Suspicion of AA amyloidosis usually arises if a patient with a longstanding inflammatory condition develops symptoms of kidney disease, often with an enlarged spleen.
The longer that inflammation persists, the greater the chances that AA amyloidosis will appear. The average duration of chronic inflammatory disease before AA amyloidosis appears is about 20 years. However, some patients develop AA amyloidosis after just a few years.
AA amyloid may be widely distributed in the body without causing symptoms. There are always deposits in the spleen, which may be enlarged, but patients usually come to medical attention because of abnormalities in kidney function:
In more than 90% of cases, proteinuria (protein in the urine) is the first sign. Patients may also have:
1. nephrotic syndrome:
- large amounts of protein in the urine (>3.5g/day)
- low albumin in the blood
- peripheral oedema- swollen ankles
2. end stage kidney failure: the kidneys stop functioning altogether and the patient needs either dialysis or a kidney transplant in order to survive.
- haematuria (blood in the urine)
- renal tubular defects
- nephrogenic diabetes insipidus
- renal calcification (calcium deposits in the kidneys)
AA Amyloid deposits leading to illness may also occur, rarely, in the:
- thyroid gland (goitre)
- liver (enlarged liver)
There may be AA amyloid deposits in the heart and the gut but these usually do not cause any symptoms.
In AA amyloidosis, blood tests may show that the kidneys are not functioning well.
Blood levels of markers of inflammation, known as SAA (serum amyloid A protein) and CRP (C-reactive protein), are usually raised in AA amyloidosis.The aim of treatment of AA amyloidosis is to control the underlying inflammatory disease and thereby reduce the level of SAA in the blood.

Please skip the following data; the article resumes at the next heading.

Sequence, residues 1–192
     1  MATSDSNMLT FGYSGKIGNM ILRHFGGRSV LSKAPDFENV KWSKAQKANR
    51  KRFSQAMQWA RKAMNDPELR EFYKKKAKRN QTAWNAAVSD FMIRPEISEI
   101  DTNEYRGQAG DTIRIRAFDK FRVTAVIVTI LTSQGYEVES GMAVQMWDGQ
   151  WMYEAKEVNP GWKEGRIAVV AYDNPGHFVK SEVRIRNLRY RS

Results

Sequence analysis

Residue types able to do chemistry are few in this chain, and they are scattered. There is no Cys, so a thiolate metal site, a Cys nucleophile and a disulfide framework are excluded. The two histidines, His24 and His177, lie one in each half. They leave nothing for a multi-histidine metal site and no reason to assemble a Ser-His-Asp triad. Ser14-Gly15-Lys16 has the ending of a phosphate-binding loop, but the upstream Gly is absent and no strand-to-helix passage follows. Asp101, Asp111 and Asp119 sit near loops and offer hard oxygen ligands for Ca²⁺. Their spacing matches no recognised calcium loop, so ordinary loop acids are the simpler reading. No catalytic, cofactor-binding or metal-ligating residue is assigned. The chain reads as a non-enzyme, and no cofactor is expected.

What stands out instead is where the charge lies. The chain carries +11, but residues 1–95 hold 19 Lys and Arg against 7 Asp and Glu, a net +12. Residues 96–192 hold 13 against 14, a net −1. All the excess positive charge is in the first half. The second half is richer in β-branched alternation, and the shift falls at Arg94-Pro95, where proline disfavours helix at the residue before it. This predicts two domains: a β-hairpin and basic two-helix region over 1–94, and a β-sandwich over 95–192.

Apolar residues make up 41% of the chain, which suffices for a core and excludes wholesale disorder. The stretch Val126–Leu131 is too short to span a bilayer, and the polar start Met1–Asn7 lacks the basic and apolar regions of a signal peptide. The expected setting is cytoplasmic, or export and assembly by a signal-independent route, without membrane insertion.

Doctors at the NAC recommend monthly monitoring of SAA levels in the blood in order to guide treatment. When necessary, patients are provided with blood test bottles so their local doctors can draw blood monthly, and the patient can then send the samples to the NAC by post for laboratory testing.
In AA amyloidosis, urine tests may detect:
- abnormally high levels of protein in the urine
- blood in the urine (this may be visible only when urine is examined under the microscope)
ECG and Echocardiogram (tests that assess the heart)
It is very rare for AA amyloidosis to affect the heart, so these are usually normal, unless there is another disease affecting the heart.
Bone marrow examination
AA amyloidosis does not affect the bone marrow, so this test is usually not necessary. If performed, it is usually normal, unless there is another disease affecting the bone marrow.
Biopsy is a procedure where a small sample of tissue is obtained, processed and examined under the microscope. More details about tissue biopsy are available here.
SAP scanning shows the distribution and amount of amyloid in the organs throughout the body. SAP scanning has revolutionised understanding of the natural course of amyloidosis and its response to treatment. More details about the SAP scan are available here.